THE MOTORCAR OFFERED
This stunning example of the fully developed Series II BMW 507 is offered from nearly 30-year custodianship and offers the next caretaker top-level entry to the world of BMW car collecting, along with an entry into some of the most prestigious events around the globe, such as the Ville d’Este or Pebble Beach Concours d’Elegance, the Colorado Grand or other exclusive driving events. 507 chassis number 70205 was most likely produced during 1958 at the Munich-based BMW factory. A second series example, it featured the increased engine capacity of the all-aluminum V8 and therefore higher performance, as well as a revised dashboard and a roomier cockpit, accommodating taller drivers. The new top-of-the-line BMW is believed to have been delivered to the US, where Max Hoffman would have been the importer. The original VDO gauges situated in the dash read in MPH and Fahrenheit, further suggesting the US market as initial destination. On close inspection today, lovely silver blue metallic paint can be found underneath the dash area, which quite possibly would have been the color the car was finished in from new. By the 1960s, BMW 507 number 70205 is known to have been owned by a Mr. Lacklan M. Mackenzie of Staten Island, and then later, in the 1970s and 1980s, the car was in the hands of Mr. Shane O’Neil of RKO General, Inc, New York, grandson of RKO founder, the renowned Hollywood film studio. A sympathetic restoration was performed in the late 1980s, at which time the striking BMW is believed to have received is current Black exterior color. Post restoration, the 507 is known to have appeared at various Concours d’Elegance events with much success. The car was acquired by the current prominent collector in the early 1990s and has since been kept in a climate-controlled environment.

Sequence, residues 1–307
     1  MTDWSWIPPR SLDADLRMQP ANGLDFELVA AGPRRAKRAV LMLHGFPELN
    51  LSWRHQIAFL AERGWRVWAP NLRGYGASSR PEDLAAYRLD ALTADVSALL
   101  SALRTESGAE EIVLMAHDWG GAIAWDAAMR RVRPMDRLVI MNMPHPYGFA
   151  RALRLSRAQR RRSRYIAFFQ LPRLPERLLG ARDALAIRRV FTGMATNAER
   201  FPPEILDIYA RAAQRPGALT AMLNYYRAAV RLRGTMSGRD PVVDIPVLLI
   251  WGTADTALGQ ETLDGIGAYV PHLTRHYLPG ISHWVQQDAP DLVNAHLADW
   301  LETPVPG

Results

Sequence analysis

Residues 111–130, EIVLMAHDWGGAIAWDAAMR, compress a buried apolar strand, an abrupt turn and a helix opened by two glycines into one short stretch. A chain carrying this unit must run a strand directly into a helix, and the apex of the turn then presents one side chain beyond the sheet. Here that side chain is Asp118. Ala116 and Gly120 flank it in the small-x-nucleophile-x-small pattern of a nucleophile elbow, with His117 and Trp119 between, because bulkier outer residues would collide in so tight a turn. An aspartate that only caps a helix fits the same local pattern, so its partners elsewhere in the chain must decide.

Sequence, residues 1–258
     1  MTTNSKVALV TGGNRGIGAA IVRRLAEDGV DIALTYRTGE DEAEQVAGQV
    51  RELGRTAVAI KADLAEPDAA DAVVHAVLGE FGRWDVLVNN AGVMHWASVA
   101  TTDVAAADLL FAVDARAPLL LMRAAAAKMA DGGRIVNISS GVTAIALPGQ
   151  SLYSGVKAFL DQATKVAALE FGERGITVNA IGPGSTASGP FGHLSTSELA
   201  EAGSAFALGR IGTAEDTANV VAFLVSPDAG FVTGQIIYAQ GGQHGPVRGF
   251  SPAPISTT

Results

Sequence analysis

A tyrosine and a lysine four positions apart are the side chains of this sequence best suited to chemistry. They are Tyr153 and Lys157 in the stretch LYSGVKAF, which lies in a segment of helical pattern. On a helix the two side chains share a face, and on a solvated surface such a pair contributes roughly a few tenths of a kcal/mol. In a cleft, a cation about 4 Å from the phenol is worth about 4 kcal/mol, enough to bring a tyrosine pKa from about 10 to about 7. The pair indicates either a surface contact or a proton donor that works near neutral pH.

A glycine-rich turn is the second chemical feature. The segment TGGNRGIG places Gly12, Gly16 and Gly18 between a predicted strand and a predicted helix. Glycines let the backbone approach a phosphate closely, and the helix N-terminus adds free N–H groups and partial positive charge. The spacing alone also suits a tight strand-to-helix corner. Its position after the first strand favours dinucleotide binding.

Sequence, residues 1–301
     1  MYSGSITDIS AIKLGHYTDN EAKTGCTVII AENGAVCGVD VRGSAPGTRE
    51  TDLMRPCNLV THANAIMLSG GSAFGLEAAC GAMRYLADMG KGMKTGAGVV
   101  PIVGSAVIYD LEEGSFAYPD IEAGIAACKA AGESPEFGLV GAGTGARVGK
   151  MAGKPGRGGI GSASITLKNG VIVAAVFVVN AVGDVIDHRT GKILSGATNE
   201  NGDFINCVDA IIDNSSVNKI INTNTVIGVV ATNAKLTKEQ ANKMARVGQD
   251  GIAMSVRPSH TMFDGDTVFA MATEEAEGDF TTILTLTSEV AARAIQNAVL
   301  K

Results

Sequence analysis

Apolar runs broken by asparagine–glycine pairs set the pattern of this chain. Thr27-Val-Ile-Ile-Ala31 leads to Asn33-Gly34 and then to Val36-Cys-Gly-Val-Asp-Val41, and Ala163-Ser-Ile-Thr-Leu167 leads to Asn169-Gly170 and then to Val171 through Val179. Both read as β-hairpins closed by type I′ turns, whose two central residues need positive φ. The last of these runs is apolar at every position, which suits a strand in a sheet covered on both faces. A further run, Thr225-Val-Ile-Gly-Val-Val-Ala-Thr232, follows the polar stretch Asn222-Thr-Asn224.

507 chassis number 70205 appears to have received a factory replacement engine early on, as no engine number is stamped on the engine block. However, the engine block is stamped ‘150 PS’ which would indicate 150 horsepower, which is indeed the rating for a proper 507 engine. The BMW logo is also stamped next to the horsepower rating. Today this stunning 507 Series II Roadster presents in beautiful condition, and close inspection indicates that the car retains much of its originality and appears not to have been taken apart of neglected in its past. It is possible that the interior is original as well. Original components are present and in situ, including the Behr radiator, and many Bosch and Knecht ancillary components. The chrome and brightwork appear to be largely original, and still in wonderful condition. A very rare original Becker Mexico radio is fitted in the dash. The BMW 507, despite its contemporary commercial limitations, proved to be a landmark model for the German manufacturer. Only 253 examples of BMW’s now-legendary 507 were built. An exceptional and exclusive sports car indeed – rarer than the 300SL Mercedes-Benz, the 507 with its lithe and utterly beautiful design matched by the impressive sporting pedigree of the Bavarian marque, remains a truly timeless collector car, appreciated by top collectors around the work, and eligible for the World’s most discerning collector car events.
Report by bonhams.com